Libya Funding Suspected Terrorist’s Defense

     MANHATTAN (CN) – Libya has helped underwrite the legal defense of a suspected co-conspirator of the 1998 bombings of two U.S. embassies in East Africa, according to documents recently unsealed by a federal judge.
     Last week, U.S. District Judge Lewis Kaplan ordered attorney Bernard Kleinman to show him the names of the foreign government entity funding his legal defense of Nazih Abdul Hamed al Ruqai, better known by his nom de guerre Abu Anas al-Libi.
     U.S. Delta Force operatives snatched al Ruqai from his home in Tripoli, Libya in October to face allegations that he scouted U.S. Embassies in Kenya and Tanzania as twin targets of al-Qaida bombings that killed 224 people and injured thousands in 1998.
     With a Nov. 3 trial looming, prosecutors said that Kleinman’s acceptance of third party funding might present a conflict of interest for his client and have requested a hearing on it.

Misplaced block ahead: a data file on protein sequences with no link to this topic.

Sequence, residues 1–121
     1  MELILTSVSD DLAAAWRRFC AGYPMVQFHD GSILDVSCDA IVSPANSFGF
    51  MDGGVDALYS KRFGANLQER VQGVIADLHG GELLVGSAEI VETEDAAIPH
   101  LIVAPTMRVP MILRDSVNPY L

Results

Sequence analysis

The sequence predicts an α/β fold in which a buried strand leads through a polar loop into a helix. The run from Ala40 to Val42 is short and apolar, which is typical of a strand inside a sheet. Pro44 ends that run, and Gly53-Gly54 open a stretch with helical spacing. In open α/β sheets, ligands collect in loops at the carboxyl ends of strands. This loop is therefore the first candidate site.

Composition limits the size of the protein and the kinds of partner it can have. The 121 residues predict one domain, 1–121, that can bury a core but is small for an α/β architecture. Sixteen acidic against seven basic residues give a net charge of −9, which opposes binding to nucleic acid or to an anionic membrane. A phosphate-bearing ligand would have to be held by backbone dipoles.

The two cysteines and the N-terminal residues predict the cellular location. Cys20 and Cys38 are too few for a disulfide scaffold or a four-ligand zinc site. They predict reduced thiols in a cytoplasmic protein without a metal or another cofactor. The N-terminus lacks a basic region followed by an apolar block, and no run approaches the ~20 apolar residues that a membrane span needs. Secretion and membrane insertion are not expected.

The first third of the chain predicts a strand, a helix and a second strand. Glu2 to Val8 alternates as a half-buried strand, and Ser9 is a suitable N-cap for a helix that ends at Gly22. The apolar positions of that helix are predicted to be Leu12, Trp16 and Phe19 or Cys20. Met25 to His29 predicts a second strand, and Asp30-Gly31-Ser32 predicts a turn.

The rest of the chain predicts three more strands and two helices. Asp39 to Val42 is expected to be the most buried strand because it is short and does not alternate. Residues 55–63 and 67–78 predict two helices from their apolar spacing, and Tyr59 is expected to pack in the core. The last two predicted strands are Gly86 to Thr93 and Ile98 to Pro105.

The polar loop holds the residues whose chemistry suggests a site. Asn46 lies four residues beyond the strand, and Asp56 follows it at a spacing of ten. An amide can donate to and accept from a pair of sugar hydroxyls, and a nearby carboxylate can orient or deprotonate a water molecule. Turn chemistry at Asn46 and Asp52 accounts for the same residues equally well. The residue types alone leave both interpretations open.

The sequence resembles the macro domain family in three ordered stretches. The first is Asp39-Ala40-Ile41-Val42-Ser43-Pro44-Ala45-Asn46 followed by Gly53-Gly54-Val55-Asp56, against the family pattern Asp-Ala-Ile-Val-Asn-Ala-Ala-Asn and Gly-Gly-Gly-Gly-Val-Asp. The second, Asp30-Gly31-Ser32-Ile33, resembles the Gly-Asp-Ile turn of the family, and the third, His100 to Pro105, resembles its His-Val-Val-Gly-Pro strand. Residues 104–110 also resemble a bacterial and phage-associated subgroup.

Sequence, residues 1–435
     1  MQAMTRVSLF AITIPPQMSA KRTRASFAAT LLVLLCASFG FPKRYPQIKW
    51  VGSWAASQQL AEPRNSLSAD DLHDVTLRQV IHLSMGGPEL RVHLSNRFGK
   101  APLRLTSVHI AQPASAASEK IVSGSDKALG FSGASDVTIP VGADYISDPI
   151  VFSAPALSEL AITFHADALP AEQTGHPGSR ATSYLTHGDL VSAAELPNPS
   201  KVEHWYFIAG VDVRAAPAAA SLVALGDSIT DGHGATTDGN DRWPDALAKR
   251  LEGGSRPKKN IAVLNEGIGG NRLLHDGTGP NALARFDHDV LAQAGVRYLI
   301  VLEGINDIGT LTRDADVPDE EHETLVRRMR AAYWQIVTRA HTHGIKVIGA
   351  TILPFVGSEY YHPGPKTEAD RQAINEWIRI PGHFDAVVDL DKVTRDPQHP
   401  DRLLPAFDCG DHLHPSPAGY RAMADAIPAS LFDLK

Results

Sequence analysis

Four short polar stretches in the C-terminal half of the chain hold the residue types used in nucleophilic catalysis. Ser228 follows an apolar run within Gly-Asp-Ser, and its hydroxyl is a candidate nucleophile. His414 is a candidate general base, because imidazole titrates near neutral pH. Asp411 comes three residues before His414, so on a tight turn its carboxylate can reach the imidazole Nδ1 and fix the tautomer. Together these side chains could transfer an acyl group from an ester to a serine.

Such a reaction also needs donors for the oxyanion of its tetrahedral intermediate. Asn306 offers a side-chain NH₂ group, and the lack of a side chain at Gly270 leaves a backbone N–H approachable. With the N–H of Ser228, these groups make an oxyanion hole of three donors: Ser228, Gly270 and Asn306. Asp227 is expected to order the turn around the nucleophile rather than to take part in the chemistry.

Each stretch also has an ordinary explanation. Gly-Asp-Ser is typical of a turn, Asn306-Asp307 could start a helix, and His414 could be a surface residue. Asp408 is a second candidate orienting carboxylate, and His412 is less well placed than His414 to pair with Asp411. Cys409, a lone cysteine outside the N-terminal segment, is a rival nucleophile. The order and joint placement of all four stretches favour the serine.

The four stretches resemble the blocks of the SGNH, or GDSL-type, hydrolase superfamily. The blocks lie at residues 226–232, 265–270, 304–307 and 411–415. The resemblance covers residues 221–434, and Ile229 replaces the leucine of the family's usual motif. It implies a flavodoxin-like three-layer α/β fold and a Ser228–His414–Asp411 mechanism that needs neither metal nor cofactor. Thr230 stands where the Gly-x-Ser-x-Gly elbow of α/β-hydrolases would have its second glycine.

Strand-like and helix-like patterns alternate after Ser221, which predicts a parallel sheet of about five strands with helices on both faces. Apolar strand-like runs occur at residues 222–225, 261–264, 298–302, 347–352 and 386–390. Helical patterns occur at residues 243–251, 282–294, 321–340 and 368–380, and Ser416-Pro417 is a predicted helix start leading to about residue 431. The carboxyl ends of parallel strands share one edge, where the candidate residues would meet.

Kleinman unsuccessfully fought to keep the information confidential.
     While Kaplan let him write the names on slips of paper shown privately last week, the judge unsealed their identities on Monday because of the “public interest” in disclosure. The New York Times had requested lifting the secrecy of the information before the ruling.
     Kleinman’s handwritten notes reveal the donor to be the Libyan government, through its representatives Adel el Babaa, Dhafra Fawazzi, Erin Petrey and a man named Faisal whose last name is not specified.
     The parties are expected to reconvene in August for a hearing to determine whether the funding compromises Kleinman’s representation of the suspect.
     Kleinman declined to comment.

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